Q. Matthew 5: 21-22 says “You have heard that it was said to those of old “You shall not murder, and whoever murders will be in danger of the judgment.” But I say to you that whoever is angry with his brother without a cause shall be in danger of the judgment.” Since God never changes, He never changes His rules. So did Jesus add to this law, or was He saying that God always meant that law to mean that?
A. The Lord’s objective in this portion of the Sermon on the Mount was to explain what He meant by saying, “Unless your righteousness surpasses that of the Pharisees and the teachers of the Law, you will certainly not enter the Kingdom of Heaven” (Matt. 5:20). They believed that by not killing anyone they were keeping the commandment prohibiting murder. Jesus explained that in God’s opinion even being angry with a brother was a violation of the commandment because anger is the first step in the process that sometimes leads to murder.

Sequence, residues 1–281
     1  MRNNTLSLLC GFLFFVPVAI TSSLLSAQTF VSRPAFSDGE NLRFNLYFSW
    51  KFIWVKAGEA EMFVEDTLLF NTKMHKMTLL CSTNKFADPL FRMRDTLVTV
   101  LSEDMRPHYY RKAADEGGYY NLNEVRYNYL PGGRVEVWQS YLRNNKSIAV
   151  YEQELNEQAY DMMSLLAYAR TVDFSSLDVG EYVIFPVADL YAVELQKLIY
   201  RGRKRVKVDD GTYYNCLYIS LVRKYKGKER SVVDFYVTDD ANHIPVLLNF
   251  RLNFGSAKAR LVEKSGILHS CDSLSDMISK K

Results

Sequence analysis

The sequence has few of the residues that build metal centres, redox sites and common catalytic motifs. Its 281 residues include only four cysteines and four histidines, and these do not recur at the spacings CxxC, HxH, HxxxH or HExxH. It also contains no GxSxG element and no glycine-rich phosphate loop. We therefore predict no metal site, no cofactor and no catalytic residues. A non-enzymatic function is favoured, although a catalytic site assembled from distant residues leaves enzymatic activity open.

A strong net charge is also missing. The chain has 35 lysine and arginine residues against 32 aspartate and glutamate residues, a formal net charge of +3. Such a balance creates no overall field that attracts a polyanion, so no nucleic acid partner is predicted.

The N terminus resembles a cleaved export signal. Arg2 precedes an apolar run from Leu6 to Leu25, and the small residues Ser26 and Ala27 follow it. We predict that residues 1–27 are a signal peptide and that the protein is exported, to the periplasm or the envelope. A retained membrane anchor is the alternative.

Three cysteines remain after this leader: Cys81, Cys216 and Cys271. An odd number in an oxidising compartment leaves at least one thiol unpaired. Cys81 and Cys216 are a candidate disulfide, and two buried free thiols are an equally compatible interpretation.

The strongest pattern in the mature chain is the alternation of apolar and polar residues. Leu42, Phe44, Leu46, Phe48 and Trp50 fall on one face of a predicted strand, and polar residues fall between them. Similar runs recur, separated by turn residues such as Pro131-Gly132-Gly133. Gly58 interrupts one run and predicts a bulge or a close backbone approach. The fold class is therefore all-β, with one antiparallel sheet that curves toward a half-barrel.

Then He went on to give other similar examples to show that it isn’t just behavior that makes us subject to judgment, but also motive. These weren’t new laws, just a more comprehensive explanation of the old ones.
Since no one can completely avoid being angry or having lustful thoughts, etc. no one can keep the commandments. The Pharisees were better at controlling their behavior than just about anybody, but even perfect behavior can’t meet God’s standards. That’s why we need a Savior.